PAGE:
If I say 'cat' will you still read?While there are plenty of cat lovers among us, an unfortunate stigma is often associated with our feline friends. Some believe cats to be sneaky and aloof; others tease women cat owners about becoming “crazy cat ladies;” and though dogs are often referred to as man’s best friend, cats have yet to fall firmly into that category.
By: Amy Miller, Duluth Budgeteer News
When I began writing for Animal Allies, one of the first tips I received was to use the word “cat” sparingly because a cat story may elicit less of a response from an audience than a story about a dog.
While there are plenty of cat lovers among us, an unfortunate stigma is often associated with our feline friends. Some believe cats to be sneaky and aloof; others tease women cat owners about becoming “crazy cat ladies;” and though dogs are often referred to as man’s best friend, cats have yet to fall firmly into that category.
In 2010 several organizations committed to the Campaign for Zero, which was designed to eliminate euthanasia of healthy pets in Duluth. When Animal Allies pledged to help meet this goal, it was acknowledged that achieving zero euthanasia of healthy cats would be the biggest difficulty.
The Campaign for Zero was successfully completed, and this pledge has been maintained in the city of Duluth since 2010.
But eliminating euthanasia of healthy cats is an ongoing challenge.
Consider this: every spring and summer, shelter populations spike with an influx of kittens. In almost all cases, the birth of a litter of kittens is unplanned. While they are adorable, these kittens enter the world unwanted and homeless.
Cats reproduce rapidly. A cat’s gestation period is short—only about nine weeks. According to Dr. Mary Wictor, Animal Allies shelter veterinarian, a kitten can begin breeding as early as four months old. Cats become pregnant easily and often have more than one litter in a breeding season. Add all these factors together and the result is cat overpopulation.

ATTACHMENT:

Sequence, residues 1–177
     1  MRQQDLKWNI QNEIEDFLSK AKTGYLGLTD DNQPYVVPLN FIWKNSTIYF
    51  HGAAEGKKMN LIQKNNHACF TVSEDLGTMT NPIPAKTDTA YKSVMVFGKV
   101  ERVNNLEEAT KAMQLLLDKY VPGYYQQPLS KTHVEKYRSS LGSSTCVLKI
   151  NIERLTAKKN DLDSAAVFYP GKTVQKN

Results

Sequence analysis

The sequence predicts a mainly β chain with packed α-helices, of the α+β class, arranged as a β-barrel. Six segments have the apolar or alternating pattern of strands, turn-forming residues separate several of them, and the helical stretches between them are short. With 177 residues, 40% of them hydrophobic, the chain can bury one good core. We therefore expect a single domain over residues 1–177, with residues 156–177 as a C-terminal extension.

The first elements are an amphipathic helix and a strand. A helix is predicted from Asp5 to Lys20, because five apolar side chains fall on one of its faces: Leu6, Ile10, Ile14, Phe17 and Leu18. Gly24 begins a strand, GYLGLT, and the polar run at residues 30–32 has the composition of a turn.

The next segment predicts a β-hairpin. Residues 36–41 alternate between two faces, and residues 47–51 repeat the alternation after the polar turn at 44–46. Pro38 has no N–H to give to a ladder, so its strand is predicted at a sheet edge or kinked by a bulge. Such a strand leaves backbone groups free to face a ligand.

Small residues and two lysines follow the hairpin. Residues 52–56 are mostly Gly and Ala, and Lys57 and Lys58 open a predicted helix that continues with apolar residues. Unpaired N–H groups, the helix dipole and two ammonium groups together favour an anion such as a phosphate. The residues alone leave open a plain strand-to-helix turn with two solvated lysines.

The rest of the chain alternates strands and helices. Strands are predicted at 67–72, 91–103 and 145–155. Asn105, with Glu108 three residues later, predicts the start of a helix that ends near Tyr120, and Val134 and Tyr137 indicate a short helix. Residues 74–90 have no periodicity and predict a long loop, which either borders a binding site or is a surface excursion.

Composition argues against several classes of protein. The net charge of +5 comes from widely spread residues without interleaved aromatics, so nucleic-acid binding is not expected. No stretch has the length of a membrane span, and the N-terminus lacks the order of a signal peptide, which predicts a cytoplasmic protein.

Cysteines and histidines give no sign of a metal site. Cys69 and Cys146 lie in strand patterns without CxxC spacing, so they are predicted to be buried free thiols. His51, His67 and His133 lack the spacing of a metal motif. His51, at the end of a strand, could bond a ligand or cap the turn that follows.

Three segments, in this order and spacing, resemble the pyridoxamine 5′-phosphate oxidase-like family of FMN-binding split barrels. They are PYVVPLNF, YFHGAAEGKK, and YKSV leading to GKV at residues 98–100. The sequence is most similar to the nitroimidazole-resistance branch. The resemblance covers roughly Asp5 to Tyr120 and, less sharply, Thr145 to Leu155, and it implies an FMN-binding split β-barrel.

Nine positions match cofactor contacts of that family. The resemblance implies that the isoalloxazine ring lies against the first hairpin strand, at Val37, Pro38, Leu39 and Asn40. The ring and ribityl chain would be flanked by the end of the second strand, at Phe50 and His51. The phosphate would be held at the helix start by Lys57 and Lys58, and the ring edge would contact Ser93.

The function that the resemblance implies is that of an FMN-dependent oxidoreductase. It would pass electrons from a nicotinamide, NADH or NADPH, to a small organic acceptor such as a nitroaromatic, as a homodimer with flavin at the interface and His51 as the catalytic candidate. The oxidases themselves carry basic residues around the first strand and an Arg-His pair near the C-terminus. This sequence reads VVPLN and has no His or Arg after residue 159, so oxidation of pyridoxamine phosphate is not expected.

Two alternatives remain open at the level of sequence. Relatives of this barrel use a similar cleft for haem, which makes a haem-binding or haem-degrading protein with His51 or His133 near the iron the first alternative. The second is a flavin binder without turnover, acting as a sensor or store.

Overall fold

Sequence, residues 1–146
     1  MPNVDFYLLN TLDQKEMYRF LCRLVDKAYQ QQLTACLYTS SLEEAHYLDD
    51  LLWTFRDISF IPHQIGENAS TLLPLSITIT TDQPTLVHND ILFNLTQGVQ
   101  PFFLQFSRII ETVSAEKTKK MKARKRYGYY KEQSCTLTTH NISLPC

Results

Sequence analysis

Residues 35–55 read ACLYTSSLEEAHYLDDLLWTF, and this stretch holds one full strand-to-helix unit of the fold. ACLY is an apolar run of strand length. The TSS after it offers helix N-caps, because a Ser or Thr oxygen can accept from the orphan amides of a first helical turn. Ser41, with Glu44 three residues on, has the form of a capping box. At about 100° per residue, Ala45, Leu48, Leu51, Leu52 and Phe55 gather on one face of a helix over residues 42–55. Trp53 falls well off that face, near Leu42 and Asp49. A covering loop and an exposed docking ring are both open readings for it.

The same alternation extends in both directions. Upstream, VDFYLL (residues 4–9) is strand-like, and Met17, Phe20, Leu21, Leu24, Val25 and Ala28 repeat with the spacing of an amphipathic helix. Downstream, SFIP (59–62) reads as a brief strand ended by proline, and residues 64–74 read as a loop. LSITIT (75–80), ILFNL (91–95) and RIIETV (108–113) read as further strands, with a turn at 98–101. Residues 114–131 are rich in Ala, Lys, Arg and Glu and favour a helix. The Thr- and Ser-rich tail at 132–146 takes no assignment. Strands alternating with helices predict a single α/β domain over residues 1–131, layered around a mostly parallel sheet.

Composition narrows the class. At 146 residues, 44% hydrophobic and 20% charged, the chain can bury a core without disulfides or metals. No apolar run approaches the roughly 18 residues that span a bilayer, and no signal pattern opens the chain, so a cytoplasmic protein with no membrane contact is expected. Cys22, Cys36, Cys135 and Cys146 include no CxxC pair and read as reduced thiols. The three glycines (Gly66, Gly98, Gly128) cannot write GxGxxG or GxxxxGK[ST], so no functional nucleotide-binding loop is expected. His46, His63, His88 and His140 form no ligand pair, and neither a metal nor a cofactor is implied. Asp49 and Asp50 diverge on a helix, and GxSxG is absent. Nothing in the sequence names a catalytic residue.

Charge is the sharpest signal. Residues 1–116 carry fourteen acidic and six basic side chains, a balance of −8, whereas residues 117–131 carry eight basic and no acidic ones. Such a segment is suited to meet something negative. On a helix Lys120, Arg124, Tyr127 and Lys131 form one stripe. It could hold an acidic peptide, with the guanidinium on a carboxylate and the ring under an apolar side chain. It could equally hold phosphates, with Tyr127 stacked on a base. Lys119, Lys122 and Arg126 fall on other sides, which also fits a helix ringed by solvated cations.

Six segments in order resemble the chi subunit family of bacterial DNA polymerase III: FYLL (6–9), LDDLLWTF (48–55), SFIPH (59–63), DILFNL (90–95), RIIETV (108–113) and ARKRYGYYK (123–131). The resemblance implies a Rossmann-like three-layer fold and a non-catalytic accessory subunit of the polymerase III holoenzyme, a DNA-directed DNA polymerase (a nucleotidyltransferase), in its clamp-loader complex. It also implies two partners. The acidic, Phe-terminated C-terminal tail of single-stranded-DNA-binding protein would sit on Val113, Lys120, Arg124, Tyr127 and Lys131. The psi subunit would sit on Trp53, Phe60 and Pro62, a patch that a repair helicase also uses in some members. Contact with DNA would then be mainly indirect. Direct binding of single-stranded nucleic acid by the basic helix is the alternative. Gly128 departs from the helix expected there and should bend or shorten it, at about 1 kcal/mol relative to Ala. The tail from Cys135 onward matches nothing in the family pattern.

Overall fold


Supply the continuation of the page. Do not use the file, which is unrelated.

This overpopulation contributes to the mentality that cats are more pests than pets: the devaluing of cats as a species.
But pet overpopulation doesn’t have to be the problem it is today.
Ensuring that your animals are spayed and neutered is the most vital step to combat pet overpopulation. The fewer unwanted litters born each year, the more likely there will be a home for every pet.
And that’s another challenging step: finding each pet a loving home.
If you’ve never considered yourself a candidate for cat ownership, you just may not have met the right cat. The key is to find one who suits your personality.
Take the time to get to know a cat, and what you learn may surprise you.
Cats, like dogs, have a variety of individual personalities. Animal Allies uses the ASPCA Meet Your Match program to evaluate each cat’s personality. This program will help you find the right cat for you. Looking for a companion who is adventurous and playful? Would you rather find a quieter companion who doesn’t require constant interaction? The “feline-ality” assessment will point you in the right direction. And, don’t forget, there are hundreds of personalities in between.
As an added bonus, cat ownership may even improve your health.
The University of Minnesota conducted a study at its Zeenat Qureshi Stroke Research Center; it showed the risk of heart attack was 40 percent higher for people who had never owned a cat.
The study was not intended to recommend cat ownership as a form of treatment, but the conclusion was that owning a cat could reduce stress and anxiety. It’s hard to be upset when petting a contented and purring kitty asleep in your lap.
I challenge you to throw cat misconceptions aside. June is “Adopt a Shelter Cat” month. To celebrate, Animal Allies has lowered the adoption fee for all cats, aged six months or older, to just $5, for the entire month.
If you are a cat owner, you already know how life-enriching these animals can be.
If you are not, now is a perfect time to find out.
Amy Miller is the marketing and communications coordinator for Animal Allies. She lives in Duluth with her husband and three adopted pets: dogs Maverick and Goose, and a cat named Buddy Love.